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EAA AirVenture Oshkosh RSS FeedSingle-handed success
By Randy Dufault, EAA AirVenture Today
Photo by Randy Dufault
Jason Petroelje built his beautiful Macchi M.5 flying boat using only his left hand - the one hand
he had to use after a stroke 10 years ago.

July 31, 2009 - Oshkosh, Wisconsin  - Jason Petroelje suffered a stroke about 10 years ago, a life-altering event known to lay low many a strong soul. 

But while the stroke did interrupt a few things in his life—like annual trips to EAA AirVenture Oshkosh—Petroelje refused to let the problem impact his passion for building airplanes. 

“I built this thing after I had the stroke,” Petroelje said about his three-quarter scale Macchi M.5 flying boat. 

He added, “I built it with my left hand.” 

Petroelje’s Macchi, a type used as a fighter by the Italian forces in World War I, has the appearance of a fine, classic watercraft with a natural Honduran mahogany skin and a solid Brazilian rosewood instrument panel. The woods are both adorned with a deep, high gloss marine finish.

The control stick has a hand-carved Madagascan ebony handle, and thrust comes from a hand-laminated, hand carved cherry-and-birch propeller.

And remember: Petroelje did virtually all of the work solely with his good left hand.

Obviously this was not Petrolje’s first attempt at woodworking.

“When I grew up my father was a carpenter and a contractor,” he said. “I built a lot of model airplanes—started when I was about 10 years old.

“I was just crazy about airplanes.”

Petroelje went from model airplanes to boats; by his estimation, building hundreds of them when he was in his 20s.

The airplane bug bit him not long after.

His first project, an Emeraude RG, was a 1979 Oshkosh award winner and a feature in the May 1980 EAA Sport Aviation magazine.

Other airplane projects included two World War I reproductions for a museum.

“I was building a SPAD replica for them, and they mentioned the Macchi,” Petroelje said. “I didn’t know anything about the type, but when I looked into it I decided I really liked it.”

His little flying boat is three-quarter scale for a good reason. The prototype airplane was not amphibious, and the open-cockpit design obviously could not survive out in the elements.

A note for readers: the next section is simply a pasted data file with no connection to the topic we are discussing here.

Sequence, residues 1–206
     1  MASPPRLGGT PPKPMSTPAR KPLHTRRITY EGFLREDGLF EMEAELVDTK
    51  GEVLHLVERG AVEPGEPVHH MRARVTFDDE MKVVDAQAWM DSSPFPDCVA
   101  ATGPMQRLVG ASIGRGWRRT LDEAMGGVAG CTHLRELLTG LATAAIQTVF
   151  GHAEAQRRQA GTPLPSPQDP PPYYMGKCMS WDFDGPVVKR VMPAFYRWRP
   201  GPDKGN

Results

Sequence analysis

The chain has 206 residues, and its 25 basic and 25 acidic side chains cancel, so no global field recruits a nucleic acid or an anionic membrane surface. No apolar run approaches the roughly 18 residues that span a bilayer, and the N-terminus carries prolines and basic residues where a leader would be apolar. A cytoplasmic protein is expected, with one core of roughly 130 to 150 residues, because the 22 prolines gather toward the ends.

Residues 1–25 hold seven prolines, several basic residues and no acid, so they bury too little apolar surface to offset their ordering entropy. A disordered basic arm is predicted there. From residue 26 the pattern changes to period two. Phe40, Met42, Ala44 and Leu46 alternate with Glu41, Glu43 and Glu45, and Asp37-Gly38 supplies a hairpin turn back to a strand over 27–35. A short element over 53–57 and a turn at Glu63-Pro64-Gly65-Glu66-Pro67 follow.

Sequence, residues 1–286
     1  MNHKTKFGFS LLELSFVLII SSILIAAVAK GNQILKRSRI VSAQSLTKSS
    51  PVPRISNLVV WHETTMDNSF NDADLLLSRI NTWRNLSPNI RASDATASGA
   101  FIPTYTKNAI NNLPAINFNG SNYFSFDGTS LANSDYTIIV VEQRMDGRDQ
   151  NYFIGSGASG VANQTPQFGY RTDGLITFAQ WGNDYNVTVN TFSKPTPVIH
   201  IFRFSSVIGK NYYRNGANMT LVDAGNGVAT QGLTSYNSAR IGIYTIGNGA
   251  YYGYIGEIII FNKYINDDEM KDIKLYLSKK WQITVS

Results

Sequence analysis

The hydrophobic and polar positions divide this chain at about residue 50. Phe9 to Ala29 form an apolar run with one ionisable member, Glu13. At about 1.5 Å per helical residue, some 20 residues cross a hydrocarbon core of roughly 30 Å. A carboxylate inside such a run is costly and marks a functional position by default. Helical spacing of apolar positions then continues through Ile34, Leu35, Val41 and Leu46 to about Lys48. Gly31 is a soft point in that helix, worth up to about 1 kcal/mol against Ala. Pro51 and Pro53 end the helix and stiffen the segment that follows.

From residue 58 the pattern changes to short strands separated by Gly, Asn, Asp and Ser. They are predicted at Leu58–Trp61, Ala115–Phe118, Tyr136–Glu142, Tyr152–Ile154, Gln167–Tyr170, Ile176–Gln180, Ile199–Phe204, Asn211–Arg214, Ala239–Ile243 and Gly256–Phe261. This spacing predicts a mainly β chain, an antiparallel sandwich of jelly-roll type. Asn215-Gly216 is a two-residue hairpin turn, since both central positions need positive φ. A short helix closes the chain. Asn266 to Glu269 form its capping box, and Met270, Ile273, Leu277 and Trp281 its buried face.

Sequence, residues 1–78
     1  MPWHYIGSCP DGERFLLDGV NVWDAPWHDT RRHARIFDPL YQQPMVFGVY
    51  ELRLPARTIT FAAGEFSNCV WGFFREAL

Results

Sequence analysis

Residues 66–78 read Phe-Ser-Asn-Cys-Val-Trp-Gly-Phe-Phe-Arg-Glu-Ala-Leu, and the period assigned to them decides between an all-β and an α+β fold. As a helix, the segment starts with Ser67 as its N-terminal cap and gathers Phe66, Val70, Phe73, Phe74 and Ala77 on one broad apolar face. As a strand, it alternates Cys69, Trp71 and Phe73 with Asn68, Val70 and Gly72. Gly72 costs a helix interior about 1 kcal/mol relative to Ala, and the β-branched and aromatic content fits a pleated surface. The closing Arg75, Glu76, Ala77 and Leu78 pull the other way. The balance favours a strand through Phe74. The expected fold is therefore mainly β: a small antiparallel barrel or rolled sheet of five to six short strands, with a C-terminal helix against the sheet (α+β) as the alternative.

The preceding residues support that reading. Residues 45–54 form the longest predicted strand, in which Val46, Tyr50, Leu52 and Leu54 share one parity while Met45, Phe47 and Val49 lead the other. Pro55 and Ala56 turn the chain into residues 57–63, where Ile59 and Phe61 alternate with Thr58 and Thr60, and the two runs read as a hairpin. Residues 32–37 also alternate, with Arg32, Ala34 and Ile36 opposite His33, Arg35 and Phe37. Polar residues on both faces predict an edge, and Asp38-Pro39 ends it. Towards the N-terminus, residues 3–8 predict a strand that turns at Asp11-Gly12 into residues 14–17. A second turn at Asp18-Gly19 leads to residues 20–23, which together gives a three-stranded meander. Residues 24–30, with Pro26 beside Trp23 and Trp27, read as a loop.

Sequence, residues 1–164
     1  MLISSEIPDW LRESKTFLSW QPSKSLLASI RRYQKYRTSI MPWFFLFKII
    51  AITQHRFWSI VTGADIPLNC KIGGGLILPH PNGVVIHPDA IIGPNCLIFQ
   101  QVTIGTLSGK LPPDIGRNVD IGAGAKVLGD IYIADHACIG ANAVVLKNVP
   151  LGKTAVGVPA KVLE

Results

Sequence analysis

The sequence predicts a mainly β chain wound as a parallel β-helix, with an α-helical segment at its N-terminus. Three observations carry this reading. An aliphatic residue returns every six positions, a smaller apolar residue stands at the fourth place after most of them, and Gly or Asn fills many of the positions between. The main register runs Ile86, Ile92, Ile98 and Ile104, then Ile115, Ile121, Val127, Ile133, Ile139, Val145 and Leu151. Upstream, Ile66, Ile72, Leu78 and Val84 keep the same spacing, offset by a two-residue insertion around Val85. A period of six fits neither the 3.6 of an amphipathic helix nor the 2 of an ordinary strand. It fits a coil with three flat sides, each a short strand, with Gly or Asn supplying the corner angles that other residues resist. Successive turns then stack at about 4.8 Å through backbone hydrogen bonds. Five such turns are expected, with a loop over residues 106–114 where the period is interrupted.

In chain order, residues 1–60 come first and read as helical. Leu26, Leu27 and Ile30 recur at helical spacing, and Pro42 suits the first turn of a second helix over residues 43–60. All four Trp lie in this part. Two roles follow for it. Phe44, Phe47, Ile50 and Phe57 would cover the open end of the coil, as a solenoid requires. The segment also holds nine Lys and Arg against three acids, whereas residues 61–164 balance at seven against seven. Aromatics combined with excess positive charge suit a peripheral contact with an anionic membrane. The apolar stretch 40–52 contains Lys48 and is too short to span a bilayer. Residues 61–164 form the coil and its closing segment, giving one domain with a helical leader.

“My plan was to bring it to the lake on a trailer and go flying,” he said.

The wings of the plane fold back, a feature certainly not part of the original. But at three-quarter scale, the collapsed craft is only 8 feet wide, well within legal trailering limits.

No original drawings of the Macchi existed, so Petroelje had to create his own designs from a set of dimensions and from photographs.

His experience with reproductions did lead him to make some changes.

“This has a more modern airfoil, a 4412 like on a Luscombe,” he said. “World War I airfoils were real thin, and they were really wicked to handle.

“If you slowed down or stalled, they would put you into a spin.”

Another variation drawn from experience was a decision to scale the tail to 80 percent instead of 75 percent. Petroelje said the 75-percent version was just too small.

The hull of the seaplane varies from the original as well. Petroelje layered the bottom first with plywood, then foam, and finished it off with fiberglass. The modern bottom is more durable than the likely single-plywood layer of the original and should better tolerate the rigors of normal water operations. 

A modern air-cooled Lycoming powerplant provides the motive force. The radiator on Petroelje’s plane, necessary for the liquid-cooled powerplant on the original, is purely decorative.

As for the mahogany finish, no color photos exist of the type, so that choice may well be artistic license on Petroelje’s part.

Plans were to fly the Macchi here during EAA AirVenture Oshkosh, but the craft has yet to completely fly off its restrictions.

But Petroelje already has a sense of its performance; it gets off the water well and climbs spectacularly, he said.

Cruise speed for the draggy craft is around 75 miles per hour.

Petroelje always considered airplane building great therapy.

“I had some rough times,” he said. “Building these airplanes has helped me through them all. It’s one of the best things I did in my life.

“And I met a lot of nice people.”

Petroelje and his plane are at EAA AirVenture Oshkosh all week. They can be seen in Row 57 just behind the VAA Red Barn.

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